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  1.  17
    Measuring the Magnitude of Sex Differences.John Marshall Townsend - 1992 - Behavioral and Brain Sciences 15 (1):115-116.
  2.  20
    Adaptation and Intracultural Variation.John Marshall Townsend - 2000 - Behavioral and Brain Sciences 23 (1):162-162.
    Inclusion of cultural variables in the study of human evolution is essential but introduces problems of vagueness, nonspecificity, and overgeneralization. Recognition of intracultural variation and conflict, and inclusion of ontogenetic processes such as individual learning are antidotal.
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  3.  23
    Dominance, Sexual Activity, and Sexual Emotions.John Marshall Townsend - 1998 - Behavioral and Brain Sciences 21 (3):386-386.
    Men's interest in sex partners' status traits and commitment (investment thoughts) declines with number of sex partners and permissiveness of attitudes; women's investment thoughts do not seem to decline. Testosterone, dominance, sexual attractiveness, and number of sex partners are correlated in men but not in women. It is plausible that these sex differences are part of sexually dimorphic feedback systems. This type of feedback is consistent with both reciprocal and basal models of testosterone.
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  4.  29
    Extraversion, Sexual Experience, and Sexual Emotions.John Marshall Townsend - 1999 - Behavioral and Brain Sciences 22 (3):537-537.
    Sex differences in motivation and emotional reactions to casual sex suggest that the links to extraversion, constraint, impulsivity-sensation seeking, and sexual behavior differ for men and women. Because both testosterone and dominance, and dominance and number of sex partners appear to correlate in men but not in women, it is plausible that testosterone is involved in the creation and maintenance of these sex differences in linkage among the behavioral subsystems involved in sexuality and extraversion.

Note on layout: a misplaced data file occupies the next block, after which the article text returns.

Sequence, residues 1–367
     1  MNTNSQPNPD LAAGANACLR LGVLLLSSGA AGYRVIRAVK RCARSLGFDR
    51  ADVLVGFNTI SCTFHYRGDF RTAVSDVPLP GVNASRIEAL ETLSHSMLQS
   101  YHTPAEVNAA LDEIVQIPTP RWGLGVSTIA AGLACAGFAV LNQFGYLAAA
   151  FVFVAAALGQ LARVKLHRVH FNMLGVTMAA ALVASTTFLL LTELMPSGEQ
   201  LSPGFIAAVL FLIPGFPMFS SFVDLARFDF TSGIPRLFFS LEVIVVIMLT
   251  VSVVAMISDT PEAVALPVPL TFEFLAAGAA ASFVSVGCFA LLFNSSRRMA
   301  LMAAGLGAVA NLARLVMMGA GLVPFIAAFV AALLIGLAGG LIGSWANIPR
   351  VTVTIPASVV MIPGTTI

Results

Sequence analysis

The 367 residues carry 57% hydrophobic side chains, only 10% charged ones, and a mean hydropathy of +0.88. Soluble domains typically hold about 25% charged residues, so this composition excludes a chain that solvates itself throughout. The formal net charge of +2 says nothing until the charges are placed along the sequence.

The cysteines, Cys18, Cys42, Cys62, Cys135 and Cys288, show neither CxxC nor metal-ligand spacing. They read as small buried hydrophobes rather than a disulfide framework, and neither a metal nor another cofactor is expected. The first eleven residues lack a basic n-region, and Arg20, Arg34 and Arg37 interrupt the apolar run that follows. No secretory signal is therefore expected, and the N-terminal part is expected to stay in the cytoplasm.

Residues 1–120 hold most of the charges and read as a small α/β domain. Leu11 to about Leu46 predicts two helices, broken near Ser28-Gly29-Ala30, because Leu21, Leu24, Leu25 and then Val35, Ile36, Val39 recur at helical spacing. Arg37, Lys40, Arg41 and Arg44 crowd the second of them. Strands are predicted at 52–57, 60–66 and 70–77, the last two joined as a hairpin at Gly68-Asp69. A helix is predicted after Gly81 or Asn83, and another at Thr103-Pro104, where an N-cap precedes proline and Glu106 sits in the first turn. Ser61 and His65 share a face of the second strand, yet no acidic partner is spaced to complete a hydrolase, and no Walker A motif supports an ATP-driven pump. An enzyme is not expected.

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  5.  33
    Male Dominance Hierarchies and Women's Intrasexual Competition.John Marshall Townsend - 1999 - Behavioral and Brain Sciences 22 (2):235-236.
    In their competition for higher-status men, women with higher socioeconomic status use indirect forms of aggression (ridicule and gossip) to derogate lower-status female competitors and the men who date them. Women's greater tendency to excuse their aggression is arguably a cultural enhancement of an evolutionarily based sex difference and not solely a cultural construction imposed by patriarchy.
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  6.  20
    Sexual Attractiveness: Sex Differences and Overlap in Criteria.John Marshall Townsend - 2000 - Behavioral and Brain Sciences 23 (4):621-622.
    Women with high sociosexual orientation inventory (SOI) scores may trade signs of willingness to invest for signs of ability to invest, instead of, or in addition to, genetic benefits. The target person's status traits affect women's judgments of sexual/physical attractiveness more than men's. An objective measure of a physical trait such as FA is therefore crucial in untangling the factors affecting women's judgments of attractiveness.
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  7.  14
    Sex, Sex Differences, and the New Polygyny.John Marshall Townsend - 2005 - Behavioral and Brain Sciences 28 (2):295-296.
    The Sociosexual Orientation Inventory (SOI) was not designed to illuminate the sexually dimorphic mental mechanisms posited by evolutionary theories. Its results are therefore open to competing interpretations. Measures designed to tap the thought processes surrounding sexual experience generate findings that are more compatible with evolutionary than with social structural theory.
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